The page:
Slacklining refers to the act of walking or balancing along a suspended length of flat webbing that is tensioned between two anchors. Slacklining is similar to slack rope walking and tightrope walking. Slacklines differ from tightwires and tightropes in the type of material used and the amount of tension applied during use. Slacklines are tensioned significantly less than tightropes or tightwires in order to create a dynamic line which will stretch and bounce like a long and narrow trampoline. Tension can be adjusted to suit the user, and different webbing may be used in various circumstances. Slacklining is popular because of its simplicity and versatility; it can be used in various environments with few components.
ORIGINS OF SLACKLINING
While there's some debate about the exact "who/what/where/when" behind the first slacklines, most trace the sports' origins to the campsites and communities of rock climbers in Yosemite National Park in the early 1980s. Story goes that a few climbers, looking for a way to pass the time between ascents, started stringing climbing ropes between trees with the challenge of trying to walk across.
Over the next few years these climbers pushed this new "slack" rope activity to new heights, with a slackliner named Scott Balcom gaining national attention in 1985 by walking across a 55’ slackline strung 2,000 ft above the Yosemite valley.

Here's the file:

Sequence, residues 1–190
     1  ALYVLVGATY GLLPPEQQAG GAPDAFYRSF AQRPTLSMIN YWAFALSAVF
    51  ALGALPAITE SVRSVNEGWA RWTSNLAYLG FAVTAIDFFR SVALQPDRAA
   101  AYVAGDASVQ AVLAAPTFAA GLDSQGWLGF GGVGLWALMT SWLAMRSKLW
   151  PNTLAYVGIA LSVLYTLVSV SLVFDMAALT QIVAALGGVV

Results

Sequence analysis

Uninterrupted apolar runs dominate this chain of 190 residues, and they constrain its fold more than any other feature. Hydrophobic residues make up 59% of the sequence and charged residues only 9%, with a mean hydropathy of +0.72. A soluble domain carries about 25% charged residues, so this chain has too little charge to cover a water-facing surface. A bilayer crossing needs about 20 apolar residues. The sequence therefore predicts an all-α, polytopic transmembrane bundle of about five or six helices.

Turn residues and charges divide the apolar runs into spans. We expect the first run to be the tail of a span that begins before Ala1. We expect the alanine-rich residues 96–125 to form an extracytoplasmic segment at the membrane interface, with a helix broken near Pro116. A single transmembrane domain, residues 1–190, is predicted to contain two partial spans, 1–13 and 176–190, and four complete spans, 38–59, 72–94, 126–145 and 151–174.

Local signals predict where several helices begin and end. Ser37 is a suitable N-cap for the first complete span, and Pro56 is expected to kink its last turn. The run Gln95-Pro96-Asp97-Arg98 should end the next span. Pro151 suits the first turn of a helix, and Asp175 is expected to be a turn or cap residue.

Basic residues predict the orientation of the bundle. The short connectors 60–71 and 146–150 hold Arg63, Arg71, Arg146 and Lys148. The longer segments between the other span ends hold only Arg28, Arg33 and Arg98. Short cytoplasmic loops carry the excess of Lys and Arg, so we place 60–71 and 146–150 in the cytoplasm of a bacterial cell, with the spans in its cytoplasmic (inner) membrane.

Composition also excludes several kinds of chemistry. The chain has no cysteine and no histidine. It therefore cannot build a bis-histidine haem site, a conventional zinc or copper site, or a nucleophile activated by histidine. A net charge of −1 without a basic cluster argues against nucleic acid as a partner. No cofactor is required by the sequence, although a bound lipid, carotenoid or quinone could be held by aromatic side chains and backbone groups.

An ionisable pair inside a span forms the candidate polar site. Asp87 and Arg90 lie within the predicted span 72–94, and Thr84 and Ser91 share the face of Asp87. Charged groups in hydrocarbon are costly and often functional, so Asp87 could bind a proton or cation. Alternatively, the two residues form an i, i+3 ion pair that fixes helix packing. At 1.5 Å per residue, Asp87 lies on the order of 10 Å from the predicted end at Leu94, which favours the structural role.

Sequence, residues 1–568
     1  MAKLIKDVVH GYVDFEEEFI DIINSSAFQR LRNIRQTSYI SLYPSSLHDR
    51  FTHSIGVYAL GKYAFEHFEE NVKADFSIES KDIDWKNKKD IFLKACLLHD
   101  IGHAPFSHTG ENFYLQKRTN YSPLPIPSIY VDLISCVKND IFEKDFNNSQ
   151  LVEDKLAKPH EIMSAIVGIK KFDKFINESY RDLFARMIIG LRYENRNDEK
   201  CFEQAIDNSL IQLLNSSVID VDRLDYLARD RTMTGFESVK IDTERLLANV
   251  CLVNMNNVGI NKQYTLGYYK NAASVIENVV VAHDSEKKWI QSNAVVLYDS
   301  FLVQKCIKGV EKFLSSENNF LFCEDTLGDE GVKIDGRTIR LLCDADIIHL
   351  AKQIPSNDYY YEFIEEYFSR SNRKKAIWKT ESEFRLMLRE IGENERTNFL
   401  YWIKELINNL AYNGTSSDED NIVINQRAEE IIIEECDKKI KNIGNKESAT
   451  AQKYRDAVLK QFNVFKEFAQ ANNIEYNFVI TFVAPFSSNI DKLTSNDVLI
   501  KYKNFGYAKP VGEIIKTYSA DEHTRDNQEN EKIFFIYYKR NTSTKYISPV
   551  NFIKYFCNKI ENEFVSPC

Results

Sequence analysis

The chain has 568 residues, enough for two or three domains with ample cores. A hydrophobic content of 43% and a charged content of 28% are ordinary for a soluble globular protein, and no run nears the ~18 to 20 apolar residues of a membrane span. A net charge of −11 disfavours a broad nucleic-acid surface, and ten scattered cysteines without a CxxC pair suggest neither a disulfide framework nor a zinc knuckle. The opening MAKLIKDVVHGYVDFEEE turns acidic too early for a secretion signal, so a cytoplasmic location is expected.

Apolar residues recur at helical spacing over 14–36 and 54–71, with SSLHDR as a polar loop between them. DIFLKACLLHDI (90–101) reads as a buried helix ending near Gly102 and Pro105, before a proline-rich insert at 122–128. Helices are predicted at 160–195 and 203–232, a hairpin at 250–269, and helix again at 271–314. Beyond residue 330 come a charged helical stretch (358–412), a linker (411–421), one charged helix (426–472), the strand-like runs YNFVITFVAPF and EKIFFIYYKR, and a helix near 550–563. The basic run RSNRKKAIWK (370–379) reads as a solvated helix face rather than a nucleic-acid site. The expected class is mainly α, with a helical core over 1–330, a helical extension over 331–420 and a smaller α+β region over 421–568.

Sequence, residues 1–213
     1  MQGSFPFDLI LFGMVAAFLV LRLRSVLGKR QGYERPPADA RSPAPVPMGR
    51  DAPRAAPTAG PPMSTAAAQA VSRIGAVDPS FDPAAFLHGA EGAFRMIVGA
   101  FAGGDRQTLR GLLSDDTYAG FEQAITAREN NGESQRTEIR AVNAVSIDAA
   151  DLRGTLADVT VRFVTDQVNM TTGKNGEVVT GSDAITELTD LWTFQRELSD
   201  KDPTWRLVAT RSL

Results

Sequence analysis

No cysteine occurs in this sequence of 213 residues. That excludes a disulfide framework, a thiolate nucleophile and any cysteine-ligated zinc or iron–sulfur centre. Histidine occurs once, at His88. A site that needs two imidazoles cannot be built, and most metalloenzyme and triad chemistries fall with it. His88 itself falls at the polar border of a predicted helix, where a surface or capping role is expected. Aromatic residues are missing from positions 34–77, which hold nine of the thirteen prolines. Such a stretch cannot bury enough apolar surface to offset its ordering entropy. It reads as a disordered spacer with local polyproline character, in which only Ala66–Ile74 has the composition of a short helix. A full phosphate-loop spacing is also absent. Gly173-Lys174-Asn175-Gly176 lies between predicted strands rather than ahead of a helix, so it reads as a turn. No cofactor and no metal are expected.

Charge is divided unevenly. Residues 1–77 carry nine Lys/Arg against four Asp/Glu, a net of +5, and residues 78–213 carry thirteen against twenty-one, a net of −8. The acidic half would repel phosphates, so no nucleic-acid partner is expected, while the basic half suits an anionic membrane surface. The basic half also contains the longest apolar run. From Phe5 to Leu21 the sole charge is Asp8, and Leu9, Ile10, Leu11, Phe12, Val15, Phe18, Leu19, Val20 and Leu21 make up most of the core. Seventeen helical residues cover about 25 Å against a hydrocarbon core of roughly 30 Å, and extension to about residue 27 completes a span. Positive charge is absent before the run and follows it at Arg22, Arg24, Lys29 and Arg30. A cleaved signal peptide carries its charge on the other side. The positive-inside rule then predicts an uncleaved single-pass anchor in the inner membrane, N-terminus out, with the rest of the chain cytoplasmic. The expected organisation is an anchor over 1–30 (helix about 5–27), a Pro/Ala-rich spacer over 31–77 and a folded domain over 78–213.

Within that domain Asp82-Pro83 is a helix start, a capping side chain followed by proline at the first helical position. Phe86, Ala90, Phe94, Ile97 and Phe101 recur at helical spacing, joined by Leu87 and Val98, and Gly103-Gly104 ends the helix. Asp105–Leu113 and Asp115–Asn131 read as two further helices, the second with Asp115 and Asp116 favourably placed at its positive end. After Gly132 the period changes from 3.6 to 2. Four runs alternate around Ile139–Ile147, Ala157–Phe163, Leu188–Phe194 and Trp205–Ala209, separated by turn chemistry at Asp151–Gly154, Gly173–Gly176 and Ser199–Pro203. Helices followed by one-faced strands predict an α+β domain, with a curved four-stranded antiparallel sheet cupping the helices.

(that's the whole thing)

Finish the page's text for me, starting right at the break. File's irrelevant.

THE RISE OF SLACKLINING
While feats like Balcom's put slacklining on the map, it remained a relatively small niche sport until brought to the mainstream by adventure athletes like Dean Potter and Andy Lewis (the "godfather" of slacklining). As pictures of slackliners walking high above valleys and gaps began to circulate in outdoor magazines, the sport gained an audience and following.
In more recent years, the development of the simple ratchet-strap slackline setup has made slacklining accessible to the masses which has allowed for a world-wide explosion of the sport. In fact, slacklining now has an International Federation, and contests around the world.
TYPES OF SLACKLINING
Whether you're an absolute beginner or have "walked the line" for years, you'll find seemingly endless new options and boundaries to push in the sport of slacklining. Here are some of the most popular "styles":
Lowlining • Longlining • Highlining • Tricklining • Fitness Line
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